The low point in Singh’s tenure as External Affairs Minister was the hijacking of Indian Airlines flight IC 814 with 175 passengers to Kandahar, Afghanistan, by Pakistan-backed terrorists. The Vajpayee government conceded the demands of the hijackers, and Singh personally escorted Masood Azhar, who would later mastermind several terrorist attacks against India, and two others who were let out of Indian jails, to Afghanistan. In return, the hijacked passengers were returned unharmed.
If Singh was eventually moved from External Affairs to the Finance Ministry in 2002, it was partly because of the increasing tensions between him and Vajpayee’s principal secretary Brajesh Mishra, a former IFS officer. As Finance Minister, Singh helped put in place market-friendly reforms. He also took over as Defence Minister when George Fernandes had to step down temporarily over the Tehelka allegations.
From 2004 to 2009, Singh was Leader of Opposition in Rajya Sabha, and acquitted himself as an outstanding parliamentarian both in debates and as leader of various parliamentary committees, including the Public Accounts Committee.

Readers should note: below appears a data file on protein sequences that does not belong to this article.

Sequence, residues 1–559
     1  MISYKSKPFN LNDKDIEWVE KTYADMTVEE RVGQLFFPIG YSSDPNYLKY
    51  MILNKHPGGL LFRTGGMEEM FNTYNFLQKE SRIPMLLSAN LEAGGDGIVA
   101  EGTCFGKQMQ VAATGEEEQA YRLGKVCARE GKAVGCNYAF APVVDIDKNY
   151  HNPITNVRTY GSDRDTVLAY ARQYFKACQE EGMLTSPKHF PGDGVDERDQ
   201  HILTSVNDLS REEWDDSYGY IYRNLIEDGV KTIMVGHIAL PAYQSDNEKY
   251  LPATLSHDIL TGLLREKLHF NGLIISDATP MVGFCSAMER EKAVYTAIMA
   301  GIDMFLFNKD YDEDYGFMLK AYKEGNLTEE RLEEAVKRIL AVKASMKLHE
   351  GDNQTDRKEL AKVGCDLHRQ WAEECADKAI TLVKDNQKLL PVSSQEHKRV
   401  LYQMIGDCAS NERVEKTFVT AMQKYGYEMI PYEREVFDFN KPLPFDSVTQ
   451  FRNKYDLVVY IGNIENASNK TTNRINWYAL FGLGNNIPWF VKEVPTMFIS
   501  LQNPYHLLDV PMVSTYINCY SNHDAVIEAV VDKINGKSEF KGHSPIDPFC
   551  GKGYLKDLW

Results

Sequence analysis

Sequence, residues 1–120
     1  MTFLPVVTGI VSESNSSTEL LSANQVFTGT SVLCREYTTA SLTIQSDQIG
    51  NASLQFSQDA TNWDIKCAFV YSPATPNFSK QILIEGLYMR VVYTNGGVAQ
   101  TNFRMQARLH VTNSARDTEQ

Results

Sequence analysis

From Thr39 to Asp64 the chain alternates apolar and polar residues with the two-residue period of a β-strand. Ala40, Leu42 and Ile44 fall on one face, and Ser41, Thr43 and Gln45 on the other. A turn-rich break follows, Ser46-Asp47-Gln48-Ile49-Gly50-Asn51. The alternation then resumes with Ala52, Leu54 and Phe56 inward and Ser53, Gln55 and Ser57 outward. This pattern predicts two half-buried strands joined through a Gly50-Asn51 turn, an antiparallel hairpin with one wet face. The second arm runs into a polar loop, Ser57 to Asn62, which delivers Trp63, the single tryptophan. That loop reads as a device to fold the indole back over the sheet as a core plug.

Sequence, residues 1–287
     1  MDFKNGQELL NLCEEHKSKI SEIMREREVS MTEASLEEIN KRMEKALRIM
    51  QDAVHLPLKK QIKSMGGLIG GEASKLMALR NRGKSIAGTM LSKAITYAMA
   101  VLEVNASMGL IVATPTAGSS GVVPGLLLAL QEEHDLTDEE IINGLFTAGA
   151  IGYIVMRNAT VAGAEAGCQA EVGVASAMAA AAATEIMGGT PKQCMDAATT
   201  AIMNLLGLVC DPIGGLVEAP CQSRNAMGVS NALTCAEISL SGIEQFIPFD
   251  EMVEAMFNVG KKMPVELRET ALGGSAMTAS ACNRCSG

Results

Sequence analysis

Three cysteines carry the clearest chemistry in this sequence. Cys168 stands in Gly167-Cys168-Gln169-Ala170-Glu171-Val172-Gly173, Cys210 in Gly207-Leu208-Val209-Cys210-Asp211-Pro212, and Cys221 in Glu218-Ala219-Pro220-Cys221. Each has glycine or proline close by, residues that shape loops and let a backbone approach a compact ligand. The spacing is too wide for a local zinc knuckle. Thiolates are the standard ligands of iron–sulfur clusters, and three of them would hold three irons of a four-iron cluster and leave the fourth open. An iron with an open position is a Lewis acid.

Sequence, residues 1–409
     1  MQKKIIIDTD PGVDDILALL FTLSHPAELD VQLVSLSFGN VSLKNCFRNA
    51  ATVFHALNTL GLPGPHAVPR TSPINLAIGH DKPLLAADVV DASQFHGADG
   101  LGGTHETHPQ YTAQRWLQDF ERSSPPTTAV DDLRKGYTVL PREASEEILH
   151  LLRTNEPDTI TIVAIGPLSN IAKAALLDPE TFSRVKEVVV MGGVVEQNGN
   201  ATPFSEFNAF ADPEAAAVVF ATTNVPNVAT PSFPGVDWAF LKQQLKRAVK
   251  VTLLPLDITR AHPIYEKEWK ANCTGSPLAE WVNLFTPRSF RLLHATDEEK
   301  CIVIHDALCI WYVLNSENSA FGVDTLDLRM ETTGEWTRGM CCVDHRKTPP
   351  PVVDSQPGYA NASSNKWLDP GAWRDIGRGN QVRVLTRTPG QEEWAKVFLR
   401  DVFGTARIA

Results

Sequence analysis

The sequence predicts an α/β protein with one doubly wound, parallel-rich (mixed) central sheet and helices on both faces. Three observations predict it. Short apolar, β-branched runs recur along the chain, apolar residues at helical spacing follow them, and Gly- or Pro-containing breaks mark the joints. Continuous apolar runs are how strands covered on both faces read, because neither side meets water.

After the 2009 Lok Sabha polls, when the Congress returned to power and the BJP under L K Advani was once again soundly defeated, Singh along with Arun Shourie and Yashwant Sinha, was outspoken enough to ask for introspection by the party leadership. In the hierarchical party structure, this did not go down well, and he was soon persona non grata. Especially as a few months later he released his book, Jinnah: India-Partition-Independence. None of his party colleagues attended the release because they had an inkling of what was coming. In the book, Singh blamed Nehru and Patel for Partition, for accepting the “fallacious notion that Muslims are a separate nation and permitted the nation to be dissected”. In contrast, he eulogized Jinnah. Not surprisingly, he was expelled from the party.
Nitin Gadkari as party president reinstated Singh, who had won the Lok Sabha elections from Darjeeling in West Bengal in two consecutive elections with the help of the Gorkha separatists. But his return was short-lived.
Before the 2014 election, Singh was once again on a collision course with the BJP. He had fallen out with Vasundhara Raje, Chief Minister of Rajasthan, though ironically he had been extremely close to the Scindia family for years, and it was his brother-in-law Sardar Angre, who had persuaded Rajmata Vijayaraje Scindia to join the BJP. Vasundhara refused to allow Singh to stand from the Barmer constituency, where his home village Jasol is located. The 76-year-old Singh announced defiantly that he would contest anyway as an independent.